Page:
- Posted by Shyam Gokani in Bank of England, Brexit, Currency, Dollar, Economy, EUR, Prime Minister, Sterling, UK, Uncategorised
- March 1, 2017
- No Comments
Another slightly weaker than expected batch of economic numbers, this time on manufacturing sentiment, prodded the pound a touch lower against a broadly stronger dollar this morning, crimping its gains against the euro to a quarter of a percent.
Sterling has been struggling in the face of figures in the past fortnight suggesting the UK economy was finally beginning to suffer from the uncertainty around Britain’s planned exit from the European Union over the next two years.
The regular survey of manufacturing purchasing managers today showed the factory sector growing more slowly than expected in February though still holding on to much of its strong, post-Brexit vote momentum in early 2017.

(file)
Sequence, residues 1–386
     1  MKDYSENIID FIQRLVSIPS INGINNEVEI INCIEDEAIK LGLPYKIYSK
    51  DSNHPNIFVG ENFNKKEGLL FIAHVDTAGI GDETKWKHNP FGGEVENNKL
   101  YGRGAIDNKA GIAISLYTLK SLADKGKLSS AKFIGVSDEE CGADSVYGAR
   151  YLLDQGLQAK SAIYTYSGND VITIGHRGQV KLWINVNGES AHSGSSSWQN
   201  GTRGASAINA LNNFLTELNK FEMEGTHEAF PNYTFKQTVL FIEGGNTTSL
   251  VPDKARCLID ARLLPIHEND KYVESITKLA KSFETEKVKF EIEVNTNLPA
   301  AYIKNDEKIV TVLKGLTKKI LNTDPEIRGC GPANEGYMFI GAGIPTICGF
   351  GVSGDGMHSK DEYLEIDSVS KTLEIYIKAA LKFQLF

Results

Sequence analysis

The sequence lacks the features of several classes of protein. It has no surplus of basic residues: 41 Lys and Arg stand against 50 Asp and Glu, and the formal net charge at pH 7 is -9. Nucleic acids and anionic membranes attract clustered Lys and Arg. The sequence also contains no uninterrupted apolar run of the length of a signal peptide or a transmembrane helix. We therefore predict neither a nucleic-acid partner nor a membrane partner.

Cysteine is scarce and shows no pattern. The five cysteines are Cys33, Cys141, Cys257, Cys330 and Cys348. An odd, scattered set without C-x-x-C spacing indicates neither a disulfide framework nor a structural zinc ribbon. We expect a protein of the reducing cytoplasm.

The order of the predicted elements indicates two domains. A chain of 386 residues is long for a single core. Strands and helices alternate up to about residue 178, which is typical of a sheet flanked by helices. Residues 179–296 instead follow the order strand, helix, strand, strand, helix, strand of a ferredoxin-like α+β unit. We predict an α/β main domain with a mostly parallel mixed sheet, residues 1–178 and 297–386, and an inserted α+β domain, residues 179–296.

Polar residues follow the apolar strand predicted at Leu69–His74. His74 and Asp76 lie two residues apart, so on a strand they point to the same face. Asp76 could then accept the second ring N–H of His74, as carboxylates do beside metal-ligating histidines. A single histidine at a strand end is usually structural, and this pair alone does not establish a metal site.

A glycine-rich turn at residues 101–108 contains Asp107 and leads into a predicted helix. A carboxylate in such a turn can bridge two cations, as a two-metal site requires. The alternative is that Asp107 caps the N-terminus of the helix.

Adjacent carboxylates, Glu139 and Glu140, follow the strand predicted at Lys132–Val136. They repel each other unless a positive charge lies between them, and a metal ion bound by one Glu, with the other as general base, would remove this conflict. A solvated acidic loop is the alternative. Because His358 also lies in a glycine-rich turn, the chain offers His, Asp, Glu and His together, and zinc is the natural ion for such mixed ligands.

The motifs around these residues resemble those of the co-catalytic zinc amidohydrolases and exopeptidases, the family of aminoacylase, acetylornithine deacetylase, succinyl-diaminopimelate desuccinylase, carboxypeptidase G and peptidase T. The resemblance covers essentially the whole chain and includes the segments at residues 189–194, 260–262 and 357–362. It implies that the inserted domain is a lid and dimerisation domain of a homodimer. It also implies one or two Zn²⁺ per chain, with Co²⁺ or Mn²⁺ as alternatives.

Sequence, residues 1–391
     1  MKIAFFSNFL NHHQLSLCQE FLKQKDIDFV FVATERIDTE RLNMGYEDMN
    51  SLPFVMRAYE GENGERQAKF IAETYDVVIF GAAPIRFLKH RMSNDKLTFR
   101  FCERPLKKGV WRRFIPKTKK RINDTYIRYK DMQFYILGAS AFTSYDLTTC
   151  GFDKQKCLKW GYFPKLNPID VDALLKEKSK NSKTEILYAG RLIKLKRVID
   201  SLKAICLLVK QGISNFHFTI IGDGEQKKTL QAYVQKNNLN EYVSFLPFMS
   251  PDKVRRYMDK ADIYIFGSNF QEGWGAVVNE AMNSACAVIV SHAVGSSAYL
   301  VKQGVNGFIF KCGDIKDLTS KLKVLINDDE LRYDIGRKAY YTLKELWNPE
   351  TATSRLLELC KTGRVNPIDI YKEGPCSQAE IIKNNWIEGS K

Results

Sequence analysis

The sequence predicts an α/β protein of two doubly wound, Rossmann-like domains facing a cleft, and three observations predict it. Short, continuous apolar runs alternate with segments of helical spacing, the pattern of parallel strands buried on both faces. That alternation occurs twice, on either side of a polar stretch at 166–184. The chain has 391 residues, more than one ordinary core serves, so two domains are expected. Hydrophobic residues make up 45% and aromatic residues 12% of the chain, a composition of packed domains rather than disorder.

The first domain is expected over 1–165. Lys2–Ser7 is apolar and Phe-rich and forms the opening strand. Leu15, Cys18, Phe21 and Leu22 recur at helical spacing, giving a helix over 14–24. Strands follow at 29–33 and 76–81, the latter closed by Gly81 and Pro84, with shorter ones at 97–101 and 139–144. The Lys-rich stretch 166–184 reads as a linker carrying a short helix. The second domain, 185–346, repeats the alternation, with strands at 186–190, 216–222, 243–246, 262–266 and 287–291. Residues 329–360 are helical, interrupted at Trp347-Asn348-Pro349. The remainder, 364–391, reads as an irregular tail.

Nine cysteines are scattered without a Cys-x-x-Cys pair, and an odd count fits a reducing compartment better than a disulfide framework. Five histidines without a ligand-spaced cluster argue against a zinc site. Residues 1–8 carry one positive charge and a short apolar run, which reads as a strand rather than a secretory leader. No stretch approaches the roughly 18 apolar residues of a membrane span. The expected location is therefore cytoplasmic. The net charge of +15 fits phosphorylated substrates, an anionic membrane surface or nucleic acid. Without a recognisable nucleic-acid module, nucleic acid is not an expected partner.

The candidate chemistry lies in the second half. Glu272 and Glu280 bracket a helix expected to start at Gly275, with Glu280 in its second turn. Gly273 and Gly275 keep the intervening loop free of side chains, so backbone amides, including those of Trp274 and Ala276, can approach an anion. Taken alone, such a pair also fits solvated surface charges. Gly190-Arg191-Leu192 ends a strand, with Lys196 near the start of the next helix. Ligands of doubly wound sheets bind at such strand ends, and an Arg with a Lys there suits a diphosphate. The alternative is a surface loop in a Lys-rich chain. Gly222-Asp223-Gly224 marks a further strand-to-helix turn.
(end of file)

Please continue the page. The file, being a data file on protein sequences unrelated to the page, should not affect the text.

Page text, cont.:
Bank of England figures released at the same time also showed the pace of credit growth slowing for a second month.
The dollar hit its highest in seven weeks as signs from two influential Federal Reserve policymakers that interest rates could rise this month overshadowed President Donald Trump’s first major policy speech to Congress.
Money market futures were now pricing in almost a 70 percent chance of a rise in official interest rates in March, compared to just over 30 percent on Tuesday.
Tuesday’s expectations that Trump would give details on stimulus plans that drove stellar gains in the dollar in November were largely disappointed.
In a speech that contrasted with harsher rhetoric during his election campaign, Trump said he was open to reforming the U.S. immigration system and pledged massive tax relief for the middle class, but did not expand further.